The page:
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Iommi and Dio split for several reasons, but over the following decade it became clear that one of them was a desired divergence in style. Dio pursued his taste for epic rock'n'roll, while Iommi restored the blues to his music in style. When these two mighty forces met again in 1992, their various sprawling catalogues were again forced to bottleneck.
It is clear what Dio was drawing on for Dehumanizer - the angrier, rougher vocals and thumping song textures of Lock Up the Wolves led smoothly into the reunion album's throaty attack. Iommi however, in a rare show of artistic capitulation, collapsed the majestic power metal of Tyr to augment Dio's dark lyrics and increasingly complex songwriting with almost thrashing guitar riffs and cold, dirgelike, doomed atmospheres. Perhaps this is where the album earned its name - the sound of Sabbath here is less personal, less direct, instead dwelling in worlds of technical apocalypse and the abusiveness of humankind both lyrically and in its harsh aesthetic.
With all that said, the composition on Dehumanizer goes far beyond just angry, doomed sounding riffs. The staccato first half of 'Computer God' lurches like a stop-motion monster into a mournful, epic acoustic section not a million miles away from Martin-era Sabbath before rebooting into Mob Rules style heroic soloing. Besides being an absolutely spot-on assault on TV evangelism 'TV Crimes' infuses the trotting pace of Dio-Sabbath favourites like 'Turn Up The Night' with the hard guitar sound and acerbic vocals of fairly early thrash, as does the more sinister 'Time Machine.' While 'Master Of Insanity' is an interesting rocky take on the dark sound at large here, 'I' is like nothing recorded by the band before or after. The distorted intro never fails to excite, before the thrashing march of the guitar riffs comes in. Dio sounds almost too enraged to sing coherently, and Iommi's playing is more precise and heavy than an A-level maths teacher. Absolutely anthemic - you won't find anything like this.
"What do they do with your soul? Is it just lying there busted?"
The production sets this album apart, with its dry, clattering impression of open space and distance. This seems at first to give the tracks a sense of uniformity, especially with the low, rumbling bass dominating as much during the AOR-sprinkled "Sins of the Father' as it does on the huge, screwdriving head-smashing doom of 'Buried Alive' which brings the album to its sudden death. It's almost a death metal production - loose, crashing kit, thrumming bass pared away from the buzzing guitars - sounds like early '90s stuff to me. But despite this Dehumanizer covers all the bases for a diverse album of Sabbathy goodness. 'After All (The Dead)' is the best doom song gone long unnoticed, with Dio's vocals sounding evilly triumphant in his philosophical commiserations, and enormous cliff face-like riffs crashing behind. 'Letters From Earth' is a lumbering but catchy bit of Sabbath doom, classic Iommi riffs driving it all forwards - predictable, but it's a satisfying climax to the slower, more doomy songs of Dio's preceding decade. 'Too Late' has the quintessential beautiful acoustic opening with tender singing from Ronnie, before rousing itself to an epic scale and noble visage to rival 'Sign of the Southern Cross.'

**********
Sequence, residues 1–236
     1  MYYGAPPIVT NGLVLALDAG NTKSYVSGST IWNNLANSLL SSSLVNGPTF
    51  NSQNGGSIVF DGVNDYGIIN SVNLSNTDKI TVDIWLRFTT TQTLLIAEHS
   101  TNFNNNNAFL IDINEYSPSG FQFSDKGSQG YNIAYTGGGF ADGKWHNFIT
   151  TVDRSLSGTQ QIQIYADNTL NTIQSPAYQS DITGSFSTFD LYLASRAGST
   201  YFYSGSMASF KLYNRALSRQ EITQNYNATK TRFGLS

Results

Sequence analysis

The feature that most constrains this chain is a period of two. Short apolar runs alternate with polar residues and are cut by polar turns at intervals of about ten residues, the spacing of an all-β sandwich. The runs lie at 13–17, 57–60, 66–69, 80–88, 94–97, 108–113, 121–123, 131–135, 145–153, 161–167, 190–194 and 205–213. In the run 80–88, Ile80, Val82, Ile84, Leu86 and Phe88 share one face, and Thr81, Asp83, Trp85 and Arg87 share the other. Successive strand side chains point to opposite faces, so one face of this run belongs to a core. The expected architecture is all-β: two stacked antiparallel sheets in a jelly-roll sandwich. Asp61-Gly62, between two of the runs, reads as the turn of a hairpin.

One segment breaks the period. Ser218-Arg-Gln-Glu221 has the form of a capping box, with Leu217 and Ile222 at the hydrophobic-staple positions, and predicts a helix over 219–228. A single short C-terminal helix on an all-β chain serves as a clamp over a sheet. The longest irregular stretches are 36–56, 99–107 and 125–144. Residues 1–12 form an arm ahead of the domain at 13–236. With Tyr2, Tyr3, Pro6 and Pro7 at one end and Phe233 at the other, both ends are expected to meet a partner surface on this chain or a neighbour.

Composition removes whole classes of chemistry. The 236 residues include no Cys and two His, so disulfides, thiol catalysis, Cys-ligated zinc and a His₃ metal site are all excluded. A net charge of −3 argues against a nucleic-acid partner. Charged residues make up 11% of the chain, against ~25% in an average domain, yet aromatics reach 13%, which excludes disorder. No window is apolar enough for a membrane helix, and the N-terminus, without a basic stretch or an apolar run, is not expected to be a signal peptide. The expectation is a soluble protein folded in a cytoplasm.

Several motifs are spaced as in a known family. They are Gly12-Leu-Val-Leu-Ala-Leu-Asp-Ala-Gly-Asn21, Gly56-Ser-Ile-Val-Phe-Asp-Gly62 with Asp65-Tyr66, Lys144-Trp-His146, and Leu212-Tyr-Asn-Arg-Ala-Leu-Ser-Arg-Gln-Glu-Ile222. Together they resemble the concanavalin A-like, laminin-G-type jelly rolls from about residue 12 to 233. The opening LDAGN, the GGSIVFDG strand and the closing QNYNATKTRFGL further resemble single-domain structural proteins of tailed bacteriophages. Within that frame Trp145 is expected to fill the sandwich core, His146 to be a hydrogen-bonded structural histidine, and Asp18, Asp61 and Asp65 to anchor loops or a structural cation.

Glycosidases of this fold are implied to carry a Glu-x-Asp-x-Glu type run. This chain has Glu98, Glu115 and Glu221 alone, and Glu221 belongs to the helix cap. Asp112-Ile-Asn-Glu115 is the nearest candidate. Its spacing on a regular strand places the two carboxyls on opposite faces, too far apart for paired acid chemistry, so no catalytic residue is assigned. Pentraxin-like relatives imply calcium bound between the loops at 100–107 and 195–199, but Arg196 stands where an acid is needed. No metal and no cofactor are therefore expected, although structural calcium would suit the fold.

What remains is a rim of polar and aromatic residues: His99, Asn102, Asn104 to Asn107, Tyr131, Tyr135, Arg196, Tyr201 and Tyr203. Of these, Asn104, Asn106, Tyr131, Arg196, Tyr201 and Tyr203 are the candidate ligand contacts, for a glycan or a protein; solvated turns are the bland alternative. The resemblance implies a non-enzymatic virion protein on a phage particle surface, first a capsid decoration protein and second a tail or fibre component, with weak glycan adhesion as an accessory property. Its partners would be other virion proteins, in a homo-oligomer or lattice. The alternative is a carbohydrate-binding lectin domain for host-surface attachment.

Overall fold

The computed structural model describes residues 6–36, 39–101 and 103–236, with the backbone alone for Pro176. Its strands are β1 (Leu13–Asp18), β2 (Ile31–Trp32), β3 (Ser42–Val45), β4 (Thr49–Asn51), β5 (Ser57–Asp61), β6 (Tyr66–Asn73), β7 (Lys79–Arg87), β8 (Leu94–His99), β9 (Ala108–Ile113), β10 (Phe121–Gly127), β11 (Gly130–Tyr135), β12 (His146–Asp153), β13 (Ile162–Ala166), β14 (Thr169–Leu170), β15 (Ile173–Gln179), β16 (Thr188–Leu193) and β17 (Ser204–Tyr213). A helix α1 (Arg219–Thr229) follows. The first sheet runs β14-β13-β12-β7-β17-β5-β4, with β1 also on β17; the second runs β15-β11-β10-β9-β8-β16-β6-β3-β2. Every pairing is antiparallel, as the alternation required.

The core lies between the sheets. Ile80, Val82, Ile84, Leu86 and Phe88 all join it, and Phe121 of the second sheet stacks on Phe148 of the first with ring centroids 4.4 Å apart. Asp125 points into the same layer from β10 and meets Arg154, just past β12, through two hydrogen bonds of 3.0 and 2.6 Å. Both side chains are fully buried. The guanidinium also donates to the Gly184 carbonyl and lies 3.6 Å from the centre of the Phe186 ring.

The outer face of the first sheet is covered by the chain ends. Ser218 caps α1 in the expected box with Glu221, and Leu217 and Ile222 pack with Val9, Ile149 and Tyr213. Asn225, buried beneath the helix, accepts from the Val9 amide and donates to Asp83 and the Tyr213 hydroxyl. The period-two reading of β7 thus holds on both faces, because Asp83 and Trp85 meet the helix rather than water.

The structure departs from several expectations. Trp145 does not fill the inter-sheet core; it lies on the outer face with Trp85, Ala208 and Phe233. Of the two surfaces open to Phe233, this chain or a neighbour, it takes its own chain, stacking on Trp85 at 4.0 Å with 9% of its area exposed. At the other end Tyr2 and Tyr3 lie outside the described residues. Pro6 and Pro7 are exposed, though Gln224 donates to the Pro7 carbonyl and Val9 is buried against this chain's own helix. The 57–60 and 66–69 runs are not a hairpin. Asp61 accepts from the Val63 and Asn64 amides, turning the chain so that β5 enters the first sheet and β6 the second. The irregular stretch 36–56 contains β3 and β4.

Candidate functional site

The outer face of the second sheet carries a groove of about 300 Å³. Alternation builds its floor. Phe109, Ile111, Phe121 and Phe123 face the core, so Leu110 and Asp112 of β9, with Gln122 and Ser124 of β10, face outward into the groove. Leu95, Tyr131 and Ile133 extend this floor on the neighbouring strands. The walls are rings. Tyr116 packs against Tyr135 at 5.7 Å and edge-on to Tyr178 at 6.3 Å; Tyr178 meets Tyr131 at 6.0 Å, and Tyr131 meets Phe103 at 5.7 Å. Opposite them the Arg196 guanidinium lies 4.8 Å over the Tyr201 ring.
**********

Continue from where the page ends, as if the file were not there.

Dehumanizer was a huge, harrowing return to the bleak bludgeoning riffwork of very early Sabbath, with an injection of modernism. It boasted both Iommi's talent for stylistically matching and musically challenging any singer he works with, and fits seamlessly into RJD's smooth and career-spanning development of his sound and lyrics. Each song on here is a varied-paced steamroller of jagged guitarwork and classic vocals - not to be missed for those who love either of these two central chaps, and a fine introduction to Sabbath if you come from the harder side of metal.